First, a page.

Children should bring a packed lunch, suitable outdoor clothing, sun cream and rain gear. Suitable for children aged five to 12 . The week-long camp costs €95 per child (with a 10% discount for three or more children attending together). It runs from 11am to 4pm daily from July 21-25, and August 11-15.

See or call 021 481 2678

The week-long camp at Fota Wildlife Park costs €95 per child


With computers and technology playing a bigger role in our everyday lives, Whizzkids has a range of programmes that open up the world of multimedia to boys and girls aged eight and above.

Located at various venues around the country, including Dublin, Galway, Cork and Limerick, these camps are hi-tech courses covering web-design, video game programming, animation and digital design. Suitable for children of all abilities, this fully "weather-proofed" camp mixes indoor and outdoor action, with sports, code-breaking and a host of hi-tech challenges in a "Spy Academy".

Held in state-of-the-art facilities in venues such as UCD, DCU, CIT, UL and NUIG, with half-day, full-day and residential camps on offer, there is something for everyone aged eight to 17.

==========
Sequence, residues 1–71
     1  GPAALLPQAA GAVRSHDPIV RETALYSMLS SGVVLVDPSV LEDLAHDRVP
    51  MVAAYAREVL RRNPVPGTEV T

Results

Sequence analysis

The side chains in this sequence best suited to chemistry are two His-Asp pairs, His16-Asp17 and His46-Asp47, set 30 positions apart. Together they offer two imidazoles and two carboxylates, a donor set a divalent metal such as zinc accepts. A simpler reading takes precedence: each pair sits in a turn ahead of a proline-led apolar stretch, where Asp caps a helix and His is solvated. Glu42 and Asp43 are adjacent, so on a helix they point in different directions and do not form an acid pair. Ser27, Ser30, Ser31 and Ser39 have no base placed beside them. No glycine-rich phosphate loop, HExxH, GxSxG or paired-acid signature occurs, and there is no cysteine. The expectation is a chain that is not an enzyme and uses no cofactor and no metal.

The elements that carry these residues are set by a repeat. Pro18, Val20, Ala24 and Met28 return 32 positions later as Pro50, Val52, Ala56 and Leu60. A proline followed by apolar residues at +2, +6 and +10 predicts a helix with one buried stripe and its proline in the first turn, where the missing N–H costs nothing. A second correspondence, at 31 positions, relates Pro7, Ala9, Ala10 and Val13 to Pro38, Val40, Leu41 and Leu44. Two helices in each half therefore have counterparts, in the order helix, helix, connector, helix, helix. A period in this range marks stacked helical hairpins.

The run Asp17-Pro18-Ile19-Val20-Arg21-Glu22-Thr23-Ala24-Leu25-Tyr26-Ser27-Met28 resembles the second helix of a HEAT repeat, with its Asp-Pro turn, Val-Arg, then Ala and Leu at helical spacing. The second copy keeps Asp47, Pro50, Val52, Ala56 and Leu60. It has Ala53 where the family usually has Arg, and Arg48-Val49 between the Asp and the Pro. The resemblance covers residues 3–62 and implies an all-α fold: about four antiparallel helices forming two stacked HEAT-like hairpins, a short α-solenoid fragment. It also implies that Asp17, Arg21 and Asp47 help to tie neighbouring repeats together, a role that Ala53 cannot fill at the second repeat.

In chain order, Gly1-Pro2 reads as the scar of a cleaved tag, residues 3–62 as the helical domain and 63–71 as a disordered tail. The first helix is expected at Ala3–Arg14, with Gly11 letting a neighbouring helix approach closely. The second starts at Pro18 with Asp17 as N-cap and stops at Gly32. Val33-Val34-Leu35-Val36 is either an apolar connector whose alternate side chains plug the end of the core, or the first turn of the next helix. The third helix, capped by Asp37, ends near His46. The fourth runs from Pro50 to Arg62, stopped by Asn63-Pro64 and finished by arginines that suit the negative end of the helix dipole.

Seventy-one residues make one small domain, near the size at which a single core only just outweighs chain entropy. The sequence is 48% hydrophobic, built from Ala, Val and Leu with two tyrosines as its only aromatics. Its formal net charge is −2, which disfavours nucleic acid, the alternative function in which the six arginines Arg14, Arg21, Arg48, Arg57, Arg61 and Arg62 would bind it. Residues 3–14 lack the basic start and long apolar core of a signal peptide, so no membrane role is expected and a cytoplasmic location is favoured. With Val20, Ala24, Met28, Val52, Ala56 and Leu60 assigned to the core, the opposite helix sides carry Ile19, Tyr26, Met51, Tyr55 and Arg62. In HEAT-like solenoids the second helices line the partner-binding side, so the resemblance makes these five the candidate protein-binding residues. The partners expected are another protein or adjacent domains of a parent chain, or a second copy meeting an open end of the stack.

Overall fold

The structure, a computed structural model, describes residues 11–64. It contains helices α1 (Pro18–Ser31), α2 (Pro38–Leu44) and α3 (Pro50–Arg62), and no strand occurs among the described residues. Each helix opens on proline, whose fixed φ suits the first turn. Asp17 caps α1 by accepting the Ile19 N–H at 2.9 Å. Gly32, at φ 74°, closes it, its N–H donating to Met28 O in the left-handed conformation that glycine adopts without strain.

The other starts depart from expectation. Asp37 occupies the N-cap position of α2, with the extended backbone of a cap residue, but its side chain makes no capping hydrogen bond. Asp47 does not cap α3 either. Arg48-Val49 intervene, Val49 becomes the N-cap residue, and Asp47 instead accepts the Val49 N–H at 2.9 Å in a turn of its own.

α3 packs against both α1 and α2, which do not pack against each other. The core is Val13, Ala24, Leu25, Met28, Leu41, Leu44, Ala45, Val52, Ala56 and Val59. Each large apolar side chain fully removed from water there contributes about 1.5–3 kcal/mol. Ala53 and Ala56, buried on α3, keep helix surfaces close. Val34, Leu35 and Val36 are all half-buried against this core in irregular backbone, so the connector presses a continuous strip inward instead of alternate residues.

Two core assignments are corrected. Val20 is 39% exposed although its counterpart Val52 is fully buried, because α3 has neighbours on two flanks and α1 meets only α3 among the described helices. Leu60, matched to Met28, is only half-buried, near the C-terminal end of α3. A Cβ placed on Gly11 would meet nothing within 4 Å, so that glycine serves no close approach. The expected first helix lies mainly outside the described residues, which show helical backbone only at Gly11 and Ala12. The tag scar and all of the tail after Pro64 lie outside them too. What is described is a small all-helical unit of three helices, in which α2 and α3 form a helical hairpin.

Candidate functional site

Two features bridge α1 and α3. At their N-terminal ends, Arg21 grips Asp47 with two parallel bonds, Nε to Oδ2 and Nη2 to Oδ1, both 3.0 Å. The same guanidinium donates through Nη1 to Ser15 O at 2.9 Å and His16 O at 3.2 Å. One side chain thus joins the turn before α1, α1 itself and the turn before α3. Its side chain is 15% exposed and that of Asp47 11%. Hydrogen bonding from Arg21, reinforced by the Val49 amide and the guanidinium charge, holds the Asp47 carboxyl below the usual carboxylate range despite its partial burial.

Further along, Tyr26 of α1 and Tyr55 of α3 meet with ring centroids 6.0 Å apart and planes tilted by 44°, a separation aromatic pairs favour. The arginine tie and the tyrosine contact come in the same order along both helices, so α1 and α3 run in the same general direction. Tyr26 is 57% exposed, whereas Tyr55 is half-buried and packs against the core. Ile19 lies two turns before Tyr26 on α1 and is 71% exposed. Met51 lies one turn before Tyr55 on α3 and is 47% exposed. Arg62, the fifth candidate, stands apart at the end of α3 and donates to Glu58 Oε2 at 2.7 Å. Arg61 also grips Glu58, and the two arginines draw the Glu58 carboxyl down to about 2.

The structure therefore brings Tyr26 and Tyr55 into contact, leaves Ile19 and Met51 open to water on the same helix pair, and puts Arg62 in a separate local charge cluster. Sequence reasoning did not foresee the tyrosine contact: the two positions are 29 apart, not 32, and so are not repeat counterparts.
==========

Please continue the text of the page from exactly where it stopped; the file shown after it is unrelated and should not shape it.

Children should bring headphones and a packed lunch with drinks. All other equipment will be provided. Half-day camps run from 9.30 until 1pm and cost €80. Full-day camps run from 9.30am to 3.30pm and cost €149. And six-night residential camps at the University of Limerick cost €425 full board with private room.

See or call 061 339178

whizzkids.jpg Suitable for children of all abilities, this fully "weather-proofed" camp mixes indoor and outdoor action.


Spending a few weeks at Irish college seems to be a rite of passage for teenagers. Away from home, but in a secure environment, the students (aged between 11 and 18) will learn 'cupla focal', make new friends and engage in a variety of energetic activities.

Gael Linn courses take place in three major Gaeltacht areas – Donegal, West Cork and North Mayo – and will run during June, July and August and cost from €740.